Advanced Care Planning for Medical Decisions

The best time to plan for end-of-life care is while you’re fairly healthy. And a good person to start with is your healthcare provider. Once you have made your decisions and plans, share them with family members and other care providers.

What is Advance Care Planning and Why Is It Important?

Advance Care Planning is the process of making decisions in advance of an illness or injury to express your choices if you became unable to communicate those choices yourself. Many people do not think about planning for their end-of-life care until they are older or very sick. However, anyone over the age of 18 should make a plan in case of a serious disease, accident, or sudden emergency such as surgery while able to do so. Oklahoma law assumes that persons want all possible treatment to keep them alive unless a completed Advance Directive Form states otherwise.

Why Do I Need Advance Care Planning?

Not only will planning for your care give you peace of mind, it will lessen the suffering of your loved ones. Without a written plan, you would receive all necessary medical treatment in the event you suddenly became sick or injured. If you were unable to speak for yourself, doctors would not know your wishes and your loved ones might be scared, overwhelmed, or unsure of what to do. You might already have strong beliefs about:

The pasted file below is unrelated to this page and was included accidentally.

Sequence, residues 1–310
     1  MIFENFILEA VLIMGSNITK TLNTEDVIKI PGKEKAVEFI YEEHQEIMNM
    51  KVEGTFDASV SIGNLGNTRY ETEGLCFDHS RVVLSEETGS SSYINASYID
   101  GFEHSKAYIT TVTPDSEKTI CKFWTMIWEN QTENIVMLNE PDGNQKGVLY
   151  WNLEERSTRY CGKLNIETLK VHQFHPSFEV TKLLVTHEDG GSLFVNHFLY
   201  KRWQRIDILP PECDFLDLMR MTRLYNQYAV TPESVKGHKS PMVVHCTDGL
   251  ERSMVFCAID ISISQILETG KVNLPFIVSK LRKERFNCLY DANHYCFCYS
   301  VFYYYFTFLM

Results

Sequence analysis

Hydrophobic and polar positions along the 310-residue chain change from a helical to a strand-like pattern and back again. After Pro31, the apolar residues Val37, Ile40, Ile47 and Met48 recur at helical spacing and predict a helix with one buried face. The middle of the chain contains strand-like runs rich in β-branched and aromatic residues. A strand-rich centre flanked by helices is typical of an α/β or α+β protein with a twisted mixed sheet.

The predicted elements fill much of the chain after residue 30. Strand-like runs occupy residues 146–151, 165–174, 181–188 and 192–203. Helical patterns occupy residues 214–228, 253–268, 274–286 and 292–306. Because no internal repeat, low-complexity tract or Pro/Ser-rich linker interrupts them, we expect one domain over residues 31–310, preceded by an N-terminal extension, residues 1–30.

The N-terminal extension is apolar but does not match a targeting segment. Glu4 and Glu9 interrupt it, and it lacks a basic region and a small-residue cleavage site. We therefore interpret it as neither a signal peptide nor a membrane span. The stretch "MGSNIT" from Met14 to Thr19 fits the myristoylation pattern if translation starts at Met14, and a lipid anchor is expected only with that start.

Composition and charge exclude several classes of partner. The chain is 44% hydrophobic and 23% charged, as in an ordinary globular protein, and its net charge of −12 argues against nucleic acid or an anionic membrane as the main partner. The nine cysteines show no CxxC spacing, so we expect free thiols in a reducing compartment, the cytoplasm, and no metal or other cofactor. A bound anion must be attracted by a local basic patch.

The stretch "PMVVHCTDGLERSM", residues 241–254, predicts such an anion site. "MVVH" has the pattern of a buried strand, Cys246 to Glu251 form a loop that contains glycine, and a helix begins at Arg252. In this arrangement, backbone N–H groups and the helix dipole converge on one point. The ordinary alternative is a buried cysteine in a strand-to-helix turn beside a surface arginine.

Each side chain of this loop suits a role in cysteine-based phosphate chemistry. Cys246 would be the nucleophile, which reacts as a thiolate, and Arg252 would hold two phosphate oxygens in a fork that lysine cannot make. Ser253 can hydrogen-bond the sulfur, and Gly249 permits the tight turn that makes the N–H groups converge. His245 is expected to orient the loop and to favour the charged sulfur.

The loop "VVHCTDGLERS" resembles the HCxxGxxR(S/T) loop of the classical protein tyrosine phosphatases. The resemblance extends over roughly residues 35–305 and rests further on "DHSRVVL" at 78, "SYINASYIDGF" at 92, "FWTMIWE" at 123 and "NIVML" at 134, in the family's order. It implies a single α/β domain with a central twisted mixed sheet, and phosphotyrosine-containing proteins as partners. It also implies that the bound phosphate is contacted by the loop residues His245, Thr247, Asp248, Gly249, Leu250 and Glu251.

• Who you would like to make health care decisions for you.
  • What treatments you would agree to or refuse in order to keep you alive.
  • Where you choose to spend the last days of your life.
  • Financial costs for treatments that may keep you alive but not make you better.

What is an Advance Directive?

An Advance Directive form is a legal document that allows you to write down your wishes for healthcare treatment during the end-stage of your life. This form will also allow you to appoint someone to be your voice (Health Care Proxy) if you are unable to speak for yourself. It is important to know that this form only becomes valid if two doctors have determined that you are unable to make medical decisions.

An Advance Directive Allows You To:

  • Choose a person to make health care choices for you. You can also choose an alternate
  • (back-up) person in the event your first choice is unable to speak for you.
  • Indicate what health care treatments you would agree to or refuse.
  • Choose if you would like to accept or refuse life support for certain conditions.
  • Indicate if you would like to donate your body or organs for medical research or people waiting
  • on transplant.

Check your knowledge of advanced directives with this quiz.

Download and refer to the document below.